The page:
Chart 2 presents a few highlights in the domestic energy markets. The Department of Energy today announced its weekly measure of the retail price for gasoline, which was off about 4 cents. As you can see in the top left panel, there is a long way to go to restore margins with crude oil prices. Should crude oil prices remain where they are, we would expect gasoline prices to decline quite sharply through the end of the summer and then to decline at a more moderate pace through the end of 2004. So this should be the beginning of some unwinding of the recent spike in gasoline prices. However, I would note, as you can see in the top right-hand panel, that inventories are quite lean right now relative to their seasonal norms, and that could induce significant volatility in gasoline prices going forward. Futures markets are expecting a significant drop in gasoline prices, but again, they are likely to be quite sensitive not just to news on crude oil prices but also to overall inventory positions. Natural gas prices retraced the spike that occurred at the end of February but remain relatively high, and futures markets expect those prices to stay at that recent level. We’re also dealing with very tight inventories on the natural gas side— so much so that some industry analysts are a little concerned about whether those inventories can be completely restocked prior to next year’s heating season. Again, with inventories tight, I think one could expect some volatility in those prices at the very least.
Chart 3 reports on housing. I reported at the FOMC meeting that starts had fallen off significantly and more so than we had expected. As you can see by looking at column two of chart 3, permits did not fall off, which certainly suggests that weather was an important factor in the decline in housing starts in February. We received data on existing home sales this morning and, as depicted in column 4, the published figure shows a slight decline. I’ve plotted in the bottom right-hand panel existing home sales using our seasonals, and by that measure they actually picked up a bit. On either set of seasonals, existing home sales still look relatively strong. But in general I’d say we’ve probably seen in some of the recent indicators just a bit of softness on the housing side, beginning with the report on February starts. Starts, the latest reading on new home sales—though we’ll get another reading this week—and consumer sentiment toward home purchases all declined just a little. I don’t want to make too much out of it, but the housing sector looks just a touch softer.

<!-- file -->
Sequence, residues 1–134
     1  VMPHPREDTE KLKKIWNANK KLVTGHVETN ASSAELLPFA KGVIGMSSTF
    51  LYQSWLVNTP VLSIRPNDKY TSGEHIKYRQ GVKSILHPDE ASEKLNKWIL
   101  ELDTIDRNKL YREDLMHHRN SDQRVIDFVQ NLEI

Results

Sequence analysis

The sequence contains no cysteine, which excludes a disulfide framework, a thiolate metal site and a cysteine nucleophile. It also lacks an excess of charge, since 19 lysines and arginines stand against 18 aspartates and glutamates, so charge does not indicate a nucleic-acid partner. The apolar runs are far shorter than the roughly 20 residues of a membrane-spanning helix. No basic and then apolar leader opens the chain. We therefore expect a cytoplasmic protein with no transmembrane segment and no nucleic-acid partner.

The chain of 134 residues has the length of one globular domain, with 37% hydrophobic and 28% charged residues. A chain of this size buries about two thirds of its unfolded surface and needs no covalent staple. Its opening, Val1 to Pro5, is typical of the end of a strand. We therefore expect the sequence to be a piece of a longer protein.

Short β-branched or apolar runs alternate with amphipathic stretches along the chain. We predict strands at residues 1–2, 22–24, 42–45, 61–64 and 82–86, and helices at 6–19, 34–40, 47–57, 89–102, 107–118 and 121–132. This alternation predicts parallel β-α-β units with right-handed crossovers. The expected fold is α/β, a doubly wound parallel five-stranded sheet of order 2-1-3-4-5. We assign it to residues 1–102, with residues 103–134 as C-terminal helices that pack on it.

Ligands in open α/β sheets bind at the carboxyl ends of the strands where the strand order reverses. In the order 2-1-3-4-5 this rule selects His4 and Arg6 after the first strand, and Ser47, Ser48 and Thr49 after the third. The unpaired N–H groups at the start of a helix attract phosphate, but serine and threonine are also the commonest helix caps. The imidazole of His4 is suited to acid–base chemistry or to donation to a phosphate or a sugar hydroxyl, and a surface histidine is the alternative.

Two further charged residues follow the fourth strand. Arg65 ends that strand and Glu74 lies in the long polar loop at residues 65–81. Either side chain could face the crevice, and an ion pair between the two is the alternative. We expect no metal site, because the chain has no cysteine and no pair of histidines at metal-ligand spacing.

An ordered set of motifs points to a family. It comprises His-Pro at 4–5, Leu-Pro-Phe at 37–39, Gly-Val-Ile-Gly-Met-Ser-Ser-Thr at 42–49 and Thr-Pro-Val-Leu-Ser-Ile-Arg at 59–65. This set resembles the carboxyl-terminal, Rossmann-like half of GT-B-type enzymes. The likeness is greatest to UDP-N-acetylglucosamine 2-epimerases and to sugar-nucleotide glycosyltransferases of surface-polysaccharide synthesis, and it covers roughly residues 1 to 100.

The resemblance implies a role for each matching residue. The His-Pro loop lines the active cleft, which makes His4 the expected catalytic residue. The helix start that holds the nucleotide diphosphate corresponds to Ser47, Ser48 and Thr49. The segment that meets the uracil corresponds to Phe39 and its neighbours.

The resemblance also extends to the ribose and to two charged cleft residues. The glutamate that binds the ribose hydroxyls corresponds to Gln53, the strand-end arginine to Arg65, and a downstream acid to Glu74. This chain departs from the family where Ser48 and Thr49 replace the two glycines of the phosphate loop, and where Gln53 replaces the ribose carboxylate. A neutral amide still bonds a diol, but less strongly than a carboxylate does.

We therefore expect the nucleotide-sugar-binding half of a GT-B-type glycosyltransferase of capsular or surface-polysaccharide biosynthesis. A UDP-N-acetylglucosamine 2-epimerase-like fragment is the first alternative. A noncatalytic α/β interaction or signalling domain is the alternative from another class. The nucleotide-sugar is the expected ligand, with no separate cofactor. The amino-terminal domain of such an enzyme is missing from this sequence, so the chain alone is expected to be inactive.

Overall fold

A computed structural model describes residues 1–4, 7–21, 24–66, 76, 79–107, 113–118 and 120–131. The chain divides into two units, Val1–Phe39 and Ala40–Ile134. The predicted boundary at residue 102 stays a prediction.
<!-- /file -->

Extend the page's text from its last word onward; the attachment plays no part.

Chart 4 depicts last week’s information on the consumer price index. The top line, Column 1, was a touch higher than we had projected, with slightly higher food and energy prices. The core measure, on the other hand, was a touch lower than anticipated. Most of that was in lodging away from home, which is a very volatile component. But the major story here is that the pattern of disinflation still seems to be quite clear in the data, and as you know from our forecast, we expect that pattern to be extended going forward.
In terms of the longer-run outlook, I feel as if we’re dealing with more noise and volatility here than underlying readings. As Vincent noted, the stock market is roughly 7 percent higher than we had incorporated into the Greenbook forecast. Oil prices are lower. Working in the other direction, long-term interest rates are a bit firmer and, as Karen noted, the dollar is a little higher. Putting together all those factors, we probably would revise up our GDP forecast by a tenth or two. As I had indicated at the FOMC meeting, we were revising down the current quarter a little, so the forecast, on net, might end up a tenth higher than we had in the Greenbook. I’d call that no change. Basically, everything we’re seen so far is roughly in line with our expectations.